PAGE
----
This map shows the number of at-risk terrestrial, wetland, and aquatic species by sub-basins. At-risk species are defined as species that are listed under the US Endangered Species Act and species that have a NatureServe conservation rank of critically imperiled.
The Bureau of Reclamation is best known for dams, powerplants, and canals that facilitated the economic development of the West. Today, the USBR is the largest wholesaler of water in the US. 10 million acres of farmland are irrigated by reclamation water. One out of ever five farmers in the American West are served by reclamation water. 25% of the nation's fruit and nut crop and 60% of the nation's vegetables are produced using reclamation water. The USBR is responsible for 338 reservoirs, 492 dams, and 8,116 miles of irrigation canals.
Shown here are USBR sites where data is collected for the Reclamation Water Information System. While there is not a clear pattern between the point locations and areas that have a large number of at-risk species, there does seem to be something happening near the Lake Berryessa/Monticello Dam project near San Francisco.
In 1948, the federal government had to choose between saving Berryessa Valley for farming or flooding it
to benefit neighboring Solano. Napa County touted the valley’s 12,000 acres as some of the most fertile in
California. But in the eyes of the dam builders, the U.S. Bureau of Reclamation, Devil’s Gate was one of
the best dam sites in the entire Central Valley.
Source:Napa Register, August 10, 2012
In the winter of 1957, the 300-foot-high Monticello Dam was complete at Devil’s Gate. Napa County lost one-eighth of its farmland. The decision to flood Berryessa Valley reflected California’s insatiable need for water, its most precious resource. Water from the reservoir supplies agriculture downstream. In 1983, the Monticello Dam Power plant was added to the project. Power is sent to the North Bay Area. By Bureau of Reclamation - Monticello Dam, CC BY-SA 2.0, Link
The EPA reports on 460 watershed indicators at the sub-watershed (HUC12) level in the Watershed Index Online tool. These indicators are divided into four categories: base, ecological indicators, stressor indicators, and social indicators. The following scenes explore data points in each of these categories for the purpose of examining the health of the sub-watersheds surrounding Lake Berryessa and the Monticello Dam to see if an inference can be drawn between the presence of a major water reclamation project and the high number of at-risk species.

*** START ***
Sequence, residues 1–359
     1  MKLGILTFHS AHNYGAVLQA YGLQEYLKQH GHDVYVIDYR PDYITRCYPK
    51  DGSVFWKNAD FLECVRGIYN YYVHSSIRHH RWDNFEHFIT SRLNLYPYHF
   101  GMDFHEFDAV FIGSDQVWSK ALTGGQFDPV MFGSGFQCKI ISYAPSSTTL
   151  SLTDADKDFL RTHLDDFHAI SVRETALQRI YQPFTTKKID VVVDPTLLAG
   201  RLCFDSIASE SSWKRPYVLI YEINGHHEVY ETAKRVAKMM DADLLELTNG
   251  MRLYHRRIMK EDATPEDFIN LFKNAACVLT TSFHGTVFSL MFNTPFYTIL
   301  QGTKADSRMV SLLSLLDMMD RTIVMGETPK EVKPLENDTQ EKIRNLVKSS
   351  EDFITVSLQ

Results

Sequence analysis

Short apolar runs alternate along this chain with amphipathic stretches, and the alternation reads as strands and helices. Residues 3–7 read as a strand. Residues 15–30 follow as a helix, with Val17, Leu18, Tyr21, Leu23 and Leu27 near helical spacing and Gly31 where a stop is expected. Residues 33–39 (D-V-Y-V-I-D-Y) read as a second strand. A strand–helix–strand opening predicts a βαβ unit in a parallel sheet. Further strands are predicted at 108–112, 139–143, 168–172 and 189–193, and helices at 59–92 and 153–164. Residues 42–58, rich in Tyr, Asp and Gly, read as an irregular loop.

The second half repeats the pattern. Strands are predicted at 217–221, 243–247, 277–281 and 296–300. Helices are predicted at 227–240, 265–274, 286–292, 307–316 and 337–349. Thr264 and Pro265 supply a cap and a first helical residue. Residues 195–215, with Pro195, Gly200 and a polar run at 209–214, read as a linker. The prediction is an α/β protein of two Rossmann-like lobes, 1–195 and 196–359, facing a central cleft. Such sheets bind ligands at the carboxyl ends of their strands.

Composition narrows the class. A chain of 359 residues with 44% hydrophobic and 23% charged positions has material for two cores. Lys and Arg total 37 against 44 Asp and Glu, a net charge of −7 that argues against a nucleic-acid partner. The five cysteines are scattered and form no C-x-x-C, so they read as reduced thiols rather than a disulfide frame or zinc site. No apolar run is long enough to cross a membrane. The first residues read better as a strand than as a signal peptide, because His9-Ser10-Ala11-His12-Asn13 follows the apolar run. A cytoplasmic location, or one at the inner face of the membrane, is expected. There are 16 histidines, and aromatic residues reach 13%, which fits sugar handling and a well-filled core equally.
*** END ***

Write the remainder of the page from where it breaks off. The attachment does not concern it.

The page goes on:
A watershed's ecological index score changes based on the factors selected, where higher scores represent a healthier watershed. The ecologic index score for this map was developed by using the following measures:
A watershed's stressor index score changes based on the factors selected, where higher scores represent a a less healthy watershed. The stressor index score for this map was developed by using the following measures:
Social indicators for watersheds are typically things like the percent protected lands or societal traits that have a positive impact on a watershed. This social index measures the percentage of each watershed that is classified as GAP Status 1, 2, or 3. Status 1 lands have permanent protection from conversion of natural land cover and a mandated management plan to maintain a natural state. Status 2 lands must maintain a primarily natural state. Status 3 lands are defined as having permanent protection, but are subject to extractive uses like logging or mining.
There is a tremendous amount of data being collected to measure the health of watersheds. The readily available WSIO data on which much of this map is based is centered around measurements for local sub-watersheds and does not account for upstream measurements that most certainly impact downstream watersheds. While this map was unable to directly connect water reclamation projects to biodiversity issues, it was helpful in illustrating the fragility of western watersheds
Major Data Resources: